Sodom and Gomorrah

Many people in the UK saw the episode of “The Search for Sodom” (see previous post) and it was apparently well received (in the USA it was shown on AHC). The identification of Tall el-Hammam with Sodom was made by Dr. Steve Collins.

A view of Tall el-Hammam at the south-eastern end of the Jordan Valley with the Upper Tall on the right and the Lower Tall on the left of the centre in the picture. In the foreground, dolmens can be seen that belonged to a huge megalithic field. (Clicking on all of our images takes you to our Image Library where you can download Powerpoint size copies for a small fee).

As we have shown previously, the geographical data preserved in the Scriptures, especially in Gen. 13, strongly point to the eastern side of the circular alluvial plain north of the Dead Sea for the location of Sodom, Gomorrah, Admah and Zeboiim. Archaeological excavations have shown that the site of Tall el-Hammam was terminally destroyed in the Middle Bronze Age, which was the time of Abraham.  As Tall el-Hammam is the largest site (62 acres) of the pentapolis, this makes it the best candidate for Sodom. In Gen. 14, the King of Sodom appears to be the spokesman of these cities, indicating its leading role. Additionally, Sodom is also the only kikkar city that has been mentioned in its own, for example in Ezek. 16 and in the Gospels of Matthew and Luke.

However, according to Gen. 19, Sodom was not the only city that was destroyed. If Tall el-Hammam is Sodom, then it is necessary to be able to identify the other cities of the Kikkar, Gomorrah, Admah and Zeboiim (Gen. 10.19; Gen. 13, etc). Geographically these cities were named from south to north, i.e. Sodom is the southernmost and Zeboiim the northernmost of these cities. This is apparently reminiscent of ancient “Map lists”, especially those of ancient Egypt, where the direction of Transjordan routes are mentioned from south to north, i.e. viewed from Egypt. The names are also grouped in two doublets: “Sodom and Gomorrah” – “Admah and Zeboiim”.

The southern end of the Jordan Valley widens out into an almost circular area. This area is called in Gen.13 the Plain (Hebrew: Kikkar – circle or disk) of Jordan. The Kikkar ends where the Jordan flows into the Dead Sea. The Cities of theKkikkar, Sodom, Gomorrah, Admah and Zeboiim were located in the eastern part of the Kikkar, as that is the area that can be seen from Bethel/Ai.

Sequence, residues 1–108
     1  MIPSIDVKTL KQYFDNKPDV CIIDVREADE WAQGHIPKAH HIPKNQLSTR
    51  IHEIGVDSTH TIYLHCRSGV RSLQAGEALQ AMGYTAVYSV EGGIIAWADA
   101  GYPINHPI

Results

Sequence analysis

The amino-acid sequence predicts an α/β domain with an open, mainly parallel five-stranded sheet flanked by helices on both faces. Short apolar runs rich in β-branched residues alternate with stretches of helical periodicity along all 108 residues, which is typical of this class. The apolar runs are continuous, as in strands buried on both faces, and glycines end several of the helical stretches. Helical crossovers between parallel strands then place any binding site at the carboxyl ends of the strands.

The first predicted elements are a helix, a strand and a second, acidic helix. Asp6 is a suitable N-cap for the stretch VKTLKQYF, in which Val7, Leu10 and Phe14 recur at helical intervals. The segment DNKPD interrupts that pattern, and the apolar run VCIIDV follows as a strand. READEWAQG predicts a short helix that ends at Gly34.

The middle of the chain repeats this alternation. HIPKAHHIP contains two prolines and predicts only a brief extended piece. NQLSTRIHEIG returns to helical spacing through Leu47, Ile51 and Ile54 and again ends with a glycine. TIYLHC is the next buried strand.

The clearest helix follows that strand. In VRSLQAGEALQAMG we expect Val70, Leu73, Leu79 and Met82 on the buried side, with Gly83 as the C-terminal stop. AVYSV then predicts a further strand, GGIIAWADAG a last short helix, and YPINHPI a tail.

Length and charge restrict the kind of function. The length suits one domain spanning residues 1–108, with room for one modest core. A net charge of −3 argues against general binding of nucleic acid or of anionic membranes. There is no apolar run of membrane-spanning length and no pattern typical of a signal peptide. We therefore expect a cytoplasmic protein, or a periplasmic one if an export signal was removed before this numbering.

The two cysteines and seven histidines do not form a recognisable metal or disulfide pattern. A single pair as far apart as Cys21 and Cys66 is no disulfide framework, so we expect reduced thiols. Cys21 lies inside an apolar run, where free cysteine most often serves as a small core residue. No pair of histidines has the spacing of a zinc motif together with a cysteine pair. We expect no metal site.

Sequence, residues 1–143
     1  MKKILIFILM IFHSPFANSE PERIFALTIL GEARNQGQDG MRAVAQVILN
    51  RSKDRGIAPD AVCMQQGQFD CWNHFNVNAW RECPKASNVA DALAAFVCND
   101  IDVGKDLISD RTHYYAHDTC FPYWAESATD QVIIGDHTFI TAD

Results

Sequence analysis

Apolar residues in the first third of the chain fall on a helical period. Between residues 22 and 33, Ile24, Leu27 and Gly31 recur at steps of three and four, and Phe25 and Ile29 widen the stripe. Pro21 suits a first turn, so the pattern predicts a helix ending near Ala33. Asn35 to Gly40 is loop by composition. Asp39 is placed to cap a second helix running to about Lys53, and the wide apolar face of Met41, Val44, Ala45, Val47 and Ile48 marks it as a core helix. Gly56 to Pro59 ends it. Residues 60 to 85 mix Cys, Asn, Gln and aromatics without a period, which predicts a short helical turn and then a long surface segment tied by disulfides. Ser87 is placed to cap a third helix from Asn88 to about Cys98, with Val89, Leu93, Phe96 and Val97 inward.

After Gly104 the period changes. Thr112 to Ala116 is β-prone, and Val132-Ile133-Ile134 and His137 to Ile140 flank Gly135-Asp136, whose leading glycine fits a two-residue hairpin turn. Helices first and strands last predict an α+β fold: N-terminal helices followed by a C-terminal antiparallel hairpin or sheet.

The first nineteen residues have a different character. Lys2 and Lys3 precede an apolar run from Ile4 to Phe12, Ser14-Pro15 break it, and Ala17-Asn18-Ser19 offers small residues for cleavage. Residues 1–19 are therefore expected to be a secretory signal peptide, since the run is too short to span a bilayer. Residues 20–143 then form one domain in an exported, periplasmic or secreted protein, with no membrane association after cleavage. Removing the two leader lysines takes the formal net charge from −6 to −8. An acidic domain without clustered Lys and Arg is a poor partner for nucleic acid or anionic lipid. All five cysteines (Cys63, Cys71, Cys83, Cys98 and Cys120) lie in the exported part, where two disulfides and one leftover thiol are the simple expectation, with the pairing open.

One mile (1.6 km) northeast of Tall el-Hammam is a smaller tall,  (Tall Kafrein), which was the largest satellite city of Tall el-Hammam (there are other smaller sites in the vicinity of Tall el-Hammam, also belonging to this Canaanite city-state). Dr. Steve Collins identifies the site of Tall Kafrein with Gomorrah. This site was also destroyed in the Middle Bronze Age and has the same archaeological profile as Tall el-Hammam and Talls Nimrin, Bleibel and Mustah (see below).

The archaeological site of Tall Kafrein viewed from Tall el-Hammam. This site in the centre of the picture has been identified as Gomorrah, as it is the largest satellite city of Tall el-Hammam. The fertile area in front of the tall is part of the well-watered Plain (kikkar) of the Jordan.

Sodom and Gomorrah are usually mentioned together as, for example, Bethel and Ai are mostly mentioned together. As Bethel is larger than Ai (Joshua 7.3), it reasons that the first site mentioned should be the largest.  Tall el-Hammam is indeed much larger than Tall Kafrein.

There are three other sites a little further to the north, of which Tall Nimrin (identified by Steve Collins with Admah) is the second largest of the five cities of the kikkar and nearby are two smaller twin satellite talls, Tall Bleibel and Tall Mustah (Zeboiim). Admah was probably the capital of the second Canaanite city-state in this area. Zeboim means two gazelles and these two sites straddle a valley through which the road from the highlands to the Jordan Valley runs.

A view of the archaeological site of Tall Nimrin, which has been identified with Admah by Steve Collins. The modern road in the foreground has destroyed part of the archaeological site.

A view of the eastern part of the archaeological site of Tall Nimrin. The building of the road exposed remains of ancient walls and stratigraphic layers.
The two small talls of Bleibel and Mustah, which can be seen respectively to the left and right in the centre of the picture. They have been identified collectively with  Zeboiim. Tall Bleibel corresponds to Zeboiim north and Tall Mustah to Zeboiim south. The road that descends from the highlands plateau to the Jordan Valley runs in between these two sites. The artificial lake in the foreground was created by the modern Kafrein Dam.
A view of Tall Mustah, the southern of the two Zeboiim sites.  It is located on the south side of  the road that descends from the highland plateau. Even today, an army post is located at the site of Tall Mustah.

The small hill in the foreground is an archaeological site that has been identified with Zeboiim north.  It is located on the north side of  the road that descends to the Jordan Valley.